Our house had a built-in workbench in the basement that looked original (about 50 years old), and as we begin the demolition downstairs for a reno, I am thinking of how I can repurpose these drawers from it. I’m really in need of a tool chest in the garage.

I had slowly accumulated six Raspberry Pis over the past couple years, each running their own home service (HomeAssistant, Pihole, etc). This proved to be annoying to manage all the hosts, so last month I opted to consolidate the apps onto my mac-mini in Docker. Things have been great since, but now I think I want to trade in my mini for a laptop, which I won’t be able to have always-on like I did the mini. So another migration: I’ve moved back to Raspberry Pi, but this time to just a single rpi4 board running Docker. I wish I did from the start instead of buying more Pis – everything is quick and incredibly easy to manage. 🐳

Four weeks ago, I spent a quarter of my weekend fixing a toilet, the wax ring wasn’t sealing right. Three weeks ago, our dishwasher broke and I needed to replace the freshwater hose and water valve solenoid thingamajig. Last weekend, I needed to replace the thermal coupler on our fireplace. This weekend our oven stopped working – and so far it’s nothing easy either like the thermal fuse.. It never ends. 🧰

Well my first 2022 goal is completed ✅. I’ve retired and sold off all my old hardware that didn’t have biometric authentication, got a new MacBook (2020 M1 Air) that has Touch ID, and grabbed a Touch ID keyboard for my M1 Mac Mini. I also spent a great deal of time planning and migrating my overly complex, multi device, and manually-synced KeePass + StrongBox + Google Authenticator setup to just simply using Apple Keychain Access. To my surprise, the simple/friendly UI for Keychain Access (System Preferences > Passwords) supports 2FA/Verification codes. I’m not sure when they slipped that feature in, but it’s wonderful.

I just setup an Alfred Workflow for some global hotkeys that bring Zoom.us into focus and toggles audio andor video (download here). The hotkey for un/mute (⌃⌥⌘␣) is easy enough, but I would love to just have a small custom macro keypad for Alfred, or rather, a big red button on my desktop sitting behind my keyboard for this workflow. Kind of like this, with a Raspberry Pi Pico and a button like this instead. I’ve already got all the parts – so if I ever find myself with a spare two hours, this is what I’m gonna do. 🎙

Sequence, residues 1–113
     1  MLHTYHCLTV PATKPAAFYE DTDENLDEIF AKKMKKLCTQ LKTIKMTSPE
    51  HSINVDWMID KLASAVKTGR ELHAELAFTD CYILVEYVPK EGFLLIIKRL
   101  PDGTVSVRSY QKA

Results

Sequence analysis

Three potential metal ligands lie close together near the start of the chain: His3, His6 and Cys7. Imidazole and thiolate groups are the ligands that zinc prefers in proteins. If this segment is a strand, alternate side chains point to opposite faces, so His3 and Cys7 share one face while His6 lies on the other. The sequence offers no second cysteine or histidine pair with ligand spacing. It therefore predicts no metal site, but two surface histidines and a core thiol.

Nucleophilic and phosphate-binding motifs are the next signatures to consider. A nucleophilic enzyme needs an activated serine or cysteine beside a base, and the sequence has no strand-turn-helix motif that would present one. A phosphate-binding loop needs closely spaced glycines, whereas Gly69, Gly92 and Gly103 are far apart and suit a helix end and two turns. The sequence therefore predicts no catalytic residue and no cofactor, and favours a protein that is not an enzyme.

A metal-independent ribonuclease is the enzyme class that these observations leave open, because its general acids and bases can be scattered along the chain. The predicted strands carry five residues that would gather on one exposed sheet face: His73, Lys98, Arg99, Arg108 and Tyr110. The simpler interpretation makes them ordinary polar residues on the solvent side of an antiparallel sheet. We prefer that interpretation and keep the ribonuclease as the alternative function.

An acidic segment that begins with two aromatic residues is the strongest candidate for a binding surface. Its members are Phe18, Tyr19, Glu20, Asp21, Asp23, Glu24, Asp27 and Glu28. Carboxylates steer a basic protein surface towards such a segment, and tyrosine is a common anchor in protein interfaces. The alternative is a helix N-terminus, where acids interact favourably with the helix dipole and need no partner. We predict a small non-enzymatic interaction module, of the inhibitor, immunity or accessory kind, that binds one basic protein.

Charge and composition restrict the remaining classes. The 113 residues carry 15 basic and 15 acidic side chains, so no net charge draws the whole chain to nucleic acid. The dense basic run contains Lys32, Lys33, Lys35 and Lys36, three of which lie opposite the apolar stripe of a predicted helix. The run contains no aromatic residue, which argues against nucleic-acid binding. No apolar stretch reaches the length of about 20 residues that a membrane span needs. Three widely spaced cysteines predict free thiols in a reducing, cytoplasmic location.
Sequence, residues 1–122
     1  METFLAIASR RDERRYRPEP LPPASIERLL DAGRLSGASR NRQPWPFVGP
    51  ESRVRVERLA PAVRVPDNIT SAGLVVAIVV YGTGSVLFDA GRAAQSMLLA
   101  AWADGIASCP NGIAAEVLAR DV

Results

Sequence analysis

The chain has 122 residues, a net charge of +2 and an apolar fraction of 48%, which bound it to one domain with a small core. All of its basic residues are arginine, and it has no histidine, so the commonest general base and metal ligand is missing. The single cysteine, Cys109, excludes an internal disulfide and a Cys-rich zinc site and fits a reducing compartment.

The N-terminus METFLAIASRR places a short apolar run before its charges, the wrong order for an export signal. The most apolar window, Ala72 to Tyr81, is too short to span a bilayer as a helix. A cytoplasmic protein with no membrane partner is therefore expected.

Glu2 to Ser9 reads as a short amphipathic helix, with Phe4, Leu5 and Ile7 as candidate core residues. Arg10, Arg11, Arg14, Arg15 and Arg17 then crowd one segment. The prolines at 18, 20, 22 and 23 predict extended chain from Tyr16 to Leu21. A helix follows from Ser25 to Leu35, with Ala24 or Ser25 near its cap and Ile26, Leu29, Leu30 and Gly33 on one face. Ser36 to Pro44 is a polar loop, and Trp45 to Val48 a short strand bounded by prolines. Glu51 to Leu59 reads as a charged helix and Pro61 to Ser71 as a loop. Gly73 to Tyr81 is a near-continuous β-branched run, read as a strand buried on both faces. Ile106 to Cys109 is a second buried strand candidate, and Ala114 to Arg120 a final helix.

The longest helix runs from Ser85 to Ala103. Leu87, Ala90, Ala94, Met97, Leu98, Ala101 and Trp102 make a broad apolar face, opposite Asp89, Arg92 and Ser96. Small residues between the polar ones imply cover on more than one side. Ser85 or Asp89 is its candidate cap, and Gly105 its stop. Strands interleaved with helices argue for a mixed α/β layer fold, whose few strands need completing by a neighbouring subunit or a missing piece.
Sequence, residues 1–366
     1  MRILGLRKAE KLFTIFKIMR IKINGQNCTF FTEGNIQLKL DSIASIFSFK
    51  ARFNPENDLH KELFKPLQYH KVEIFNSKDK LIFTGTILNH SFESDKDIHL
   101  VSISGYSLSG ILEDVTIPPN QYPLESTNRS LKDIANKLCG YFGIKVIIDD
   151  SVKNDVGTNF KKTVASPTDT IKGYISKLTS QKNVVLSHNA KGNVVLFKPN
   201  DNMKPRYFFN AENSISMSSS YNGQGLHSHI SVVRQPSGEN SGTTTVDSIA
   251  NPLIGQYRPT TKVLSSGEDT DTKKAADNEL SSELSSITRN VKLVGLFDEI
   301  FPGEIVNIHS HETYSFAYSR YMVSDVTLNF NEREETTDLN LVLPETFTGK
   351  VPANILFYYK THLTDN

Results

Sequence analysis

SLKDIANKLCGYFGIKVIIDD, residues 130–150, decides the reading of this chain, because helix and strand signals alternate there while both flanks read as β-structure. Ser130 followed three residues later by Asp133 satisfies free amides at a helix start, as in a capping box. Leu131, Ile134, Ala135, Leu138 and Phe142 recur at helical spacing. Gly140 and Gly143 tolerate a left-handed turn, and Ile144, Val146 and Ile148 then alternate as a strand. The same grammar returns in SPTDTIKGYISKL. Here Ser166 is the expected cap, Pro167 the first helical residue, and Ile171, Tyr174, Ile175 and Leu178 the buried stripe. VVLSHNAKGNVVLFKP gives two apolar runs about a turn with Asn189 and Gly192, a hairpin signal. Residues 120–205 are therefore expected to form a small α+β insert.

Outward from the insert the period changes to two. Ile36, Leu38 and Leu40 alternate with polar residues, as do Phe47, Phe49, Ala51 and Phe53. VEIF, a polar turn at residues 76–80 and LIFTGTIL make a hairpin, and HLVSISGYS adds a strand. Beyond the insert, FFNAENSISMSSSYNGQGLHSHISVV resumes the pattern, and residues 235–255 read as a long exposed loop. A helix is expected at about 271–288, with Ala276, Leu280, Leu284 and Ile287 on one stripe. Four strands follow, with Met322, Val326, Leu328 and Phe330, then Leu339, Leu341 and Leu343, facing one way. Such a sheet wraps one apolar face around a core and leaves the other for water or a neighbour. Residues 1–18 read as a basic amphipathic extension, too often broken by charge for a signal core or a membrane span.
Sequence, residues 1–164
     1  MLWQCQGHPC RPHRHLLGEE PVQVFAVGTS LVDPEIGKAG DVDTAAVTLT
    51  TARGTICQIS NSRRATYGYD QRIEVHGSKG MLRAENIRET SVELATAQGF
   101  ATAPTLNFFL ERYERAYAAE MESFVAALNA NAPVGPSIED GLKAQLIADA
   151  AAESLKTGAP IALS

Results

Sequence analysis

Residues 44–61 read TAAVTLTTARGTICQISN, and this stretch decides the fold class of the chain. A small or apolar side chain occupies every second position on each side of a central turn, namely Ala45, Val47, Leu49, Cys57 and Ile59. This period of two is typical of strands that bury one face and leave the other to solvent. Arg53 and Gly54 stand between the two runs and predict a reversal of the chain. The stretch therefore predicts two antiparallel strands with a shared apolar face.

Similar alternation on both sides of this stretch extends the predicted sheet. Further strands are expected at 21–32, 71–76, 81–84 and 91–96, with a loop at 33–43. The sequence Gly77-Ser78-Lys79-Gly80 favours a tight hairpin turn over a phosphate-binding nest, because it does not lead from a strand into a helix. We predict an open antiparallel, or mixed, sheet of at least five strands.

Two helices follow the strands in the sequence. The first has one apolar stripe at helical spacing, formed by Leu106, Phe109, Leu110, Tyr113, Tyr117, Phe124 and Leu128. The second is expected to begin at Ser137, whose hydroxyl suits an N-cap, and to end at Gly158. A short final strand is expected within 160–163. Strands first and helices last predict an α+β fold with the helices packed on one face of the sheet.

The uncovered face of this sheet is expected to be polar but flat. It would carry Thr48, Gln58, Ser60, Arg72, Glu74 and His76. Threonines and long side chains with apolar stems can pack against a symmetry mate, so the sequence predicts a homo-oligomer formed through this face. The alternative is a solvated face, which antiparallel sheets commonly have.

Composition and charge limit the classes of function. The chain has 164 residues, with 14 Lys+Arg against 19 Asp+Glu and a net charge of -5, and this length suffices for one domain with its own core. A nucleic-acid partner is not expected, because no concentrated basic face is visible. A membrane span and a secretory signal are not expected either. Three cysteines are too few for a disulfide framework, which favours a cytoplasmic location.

My menu bar is looking like it’s getting out of hand these days – but each one is pretty useful and works for me. I could hide most of them, or collapse them with a tool like Vanilla, but I have a hard rule with UI/UX and in life to keep things front-and-center, out in the open, on shelves, readily available. This rule helps with my productivity, and prevents things being tucked into drawers to be lost, hidden, andor forgotten.

From left to right:

Stop Listening to a Rock

I went to a craft fair once and there was a rock that had “turn me over” written on it, when I picked it up and turned it over, it read “haha, you just took instructions from a rock”. I thought that was pretty funny.

Phones are kinda the same, if you think about it. There’s a notification/ping, you pick it up, and then an app is telling you to open it, & you do. When boiled down, phones are basically just metal, sand, and oil, & we’re taking instructions from them. Not so funny now, & kinda a crappy thought.

Our phones feel like a magic portal between the things we care about and people we love, and that’s great, but shimmed in the middle of that are algorithms, marketing firms, ads, stake holders, etc, to ensure that bridge is as lucrative and as frequently used as possible (I won’t get into that any more, this movie explains it well enough).

I’ve long been an advocate of no notifications, for the aforementioned reasons and also to help focus on deep work. I believe any device should simply be a tool, used for an intentional purpose when you need it, not a device that interrupts you and attempts to bid for your actions, for gain, with suggestions and recommendations.

I believe notifications should induce a feeling of dread, not joy. Notifications, in my opinion, should be saved for critical or urgent matters only – everything else should be async, done at leisure. Perception of words is relative, so let’s define a bit: “critical” means of upmost importance, that it’s absence would be unacceptable – think notifications for your work meetings so you’re not constantly late & then at risk of loosing your job. “Urgent,” fields anything that could be a time sensitive emergency situation that you need to act on or else – think being able to receive calls from your partner if their car breaks down at the side of the road.

When setting up any new device, after I install all my dozen of apps I head to the notification settings panel, and turn off every single notification in a quick first pass. No thought here, no decision fatigue going through 30 of them – just everything off. Then I begin a second pass, and I start to think deeply about each app, “Could a notification from this be urgent or critical?” Nearly all are an easy “no”.

I typically end up with just Phone, Message, and Calendar notifications turned on. From there I can do more granular per-app refining to ensure spam calls aren’t getting through, and Calendar pings are only relevant to the important events. All and all it only takes a couple of minutes to do, and probably saves a ton of time in the long run.

Admittedly after implementing this the phone does start to seem a lot more boring when it stops being that source of notification endorphins, but I think that’s a good thing. I highly recommend not listening to rocks, for me, for the last couple of years it has made my life like 2% better, which is a pretty good thing.